The use of time as a basis for a currency isn’t novel

The first timebanks date back to the Industrial Revolution. The American anarchist Josiah Warren opened in 1827 a Time Store in Cincinnati. Goods were offered in exchange for the amount of time that it took to produce them. In 1832 the Welsh social reformer Robert Owen issued Labor Notes. Comparable to bank notes, they represented the value of units of 1, 2, 5, 10, 20, 40, and 80 hours of labor.
Especially during times of big economical crises the practice of using emergency money became popular. This money is not issued by a central bank, but by an institution not authorized for money emission, usually savings banks, municipalities or local private organizations. This unofficial emergency money is not legal, but mutually accepted because it is often the only means of payment available. Often these currencies had a stabilizing effect on the local economy. In Germany after the hyperinflation around the end of the first World War, many of these emergency currencies (called Notgeld) emerged.


Notgeld – Ströbeck, 75 Pfennig, 1921, emergency money with chess motives

More recent well-known time based currencies are the Time Dollar used for social projects in the US, the Japanese Fureai Kippu for elderly care in exchange for time credits, and the Ithaca Hour, a very successful local currency in Ithaca, New York.
Time banks have been established in around 34 countries. Throughout the United States and the United Kingdom many time banks have appeared. Time banks also have a significant presence in Japan, South Korea, New Zealand, Taiwan, Senegal, Argentina, Israel, Greece, Portugal and Spain.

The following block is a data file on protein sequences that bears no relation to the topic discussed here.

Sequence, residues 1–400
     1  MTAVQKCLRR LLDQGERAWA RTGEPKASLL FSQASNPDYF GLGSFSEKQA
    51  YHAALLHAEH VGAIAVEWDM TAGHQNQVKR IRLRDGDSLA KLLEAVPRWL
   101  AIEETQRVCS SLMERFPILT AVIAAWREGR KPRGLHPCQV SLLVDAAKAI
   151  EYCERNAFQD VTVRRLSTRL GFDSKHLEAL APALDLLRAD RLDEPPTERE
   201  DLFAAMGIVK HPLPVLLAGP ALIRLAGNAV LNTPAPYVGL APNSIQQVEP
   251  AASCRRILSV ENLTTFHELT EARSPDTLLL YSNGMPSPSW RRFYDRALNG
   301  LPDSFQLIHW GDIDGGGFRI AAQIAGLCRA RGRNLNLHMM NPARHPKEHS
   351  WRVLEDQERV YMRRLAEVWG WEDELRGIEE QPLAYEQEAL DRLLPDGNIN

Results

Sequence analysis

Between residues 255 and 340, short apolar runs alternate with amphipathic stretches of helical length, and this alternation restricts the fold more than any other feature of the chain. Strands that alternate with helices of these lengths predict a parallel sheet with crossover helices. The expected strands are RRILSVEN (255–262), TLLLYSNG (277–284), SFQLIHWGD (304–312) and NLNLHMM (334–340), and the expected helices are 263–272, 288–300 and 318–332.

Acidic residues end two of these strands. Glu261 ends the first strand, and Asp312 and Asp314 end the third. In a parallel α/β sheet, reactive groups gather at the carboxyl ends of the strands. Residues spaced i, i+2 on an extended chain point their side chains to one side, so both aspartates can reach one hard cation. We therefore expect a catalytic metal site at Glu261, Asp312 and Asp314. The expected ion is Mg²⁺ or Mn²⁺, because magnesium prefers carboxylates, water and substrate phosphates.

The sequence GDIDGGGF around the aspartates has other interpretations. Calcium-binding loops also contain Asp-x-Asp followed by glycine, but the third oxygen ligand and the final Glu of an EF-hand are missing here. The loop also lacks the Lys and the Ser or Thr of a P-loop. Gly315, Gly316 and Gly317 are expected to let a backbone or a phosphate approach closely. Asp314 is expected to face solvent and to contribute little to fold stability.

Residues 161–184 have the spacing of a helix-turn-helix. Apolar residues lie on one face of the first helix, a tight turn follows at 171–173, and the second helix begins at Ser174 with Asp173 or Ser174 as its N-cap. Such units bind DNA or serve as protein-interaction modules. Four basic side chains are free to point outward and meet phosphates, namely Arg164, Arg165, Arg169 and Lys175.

The time/bank by e-flux

The artists Anton Vidokle and Julieta Aranda were inspired by these banks when they initiated the time/bank by e-flux. Their aim was to create an immaterial currency for the international cultural community. The Dutch branch of their timebank was opened in May 2011 by the art and architecture center Stroom Den Haag. It was part of the Stroom’s program Upcycling which investigated new perspectives in the creation of value and meaning. The distrust of existing financial and economic systems and the radical cuts in art funding were an important driving force behind this parallel micro economy based on trust and solidarity.

In June 2013, the Dutch branch of the time/bank by e-flux became an independent association. The branch had then outgrown the stage of an experimental and artistic project. A more solid web infrastructure, economic model and legal structure was needed. By becoming an association, Timebank.cc seeks to apply its democratic values to the administrative structure. Essential to the design of this community is a bottom-up approach.


Timebank.cc contributes to the growing trend of thinking about local communities and the search for new autonomy within the current economic model. We distinguish ourselves from other community currencies by disconnecting the relationship between the euro and our currency. Our currency exists in addition to the euro and the fundamentally different valuation – an hour of work is worth an Hour – creates more diversity within the economy. This results in a stronger resilience against any financial events that may happen in the current system.
The platform serves as a support for individuals and businesses. Lectures and meetings stimulate critical and decisive thinking about current economic systems. Various important national and international media and organizations have shown interest in the Timebank community story. In the web address Timebank.cc the cc stands for Complementary Currency.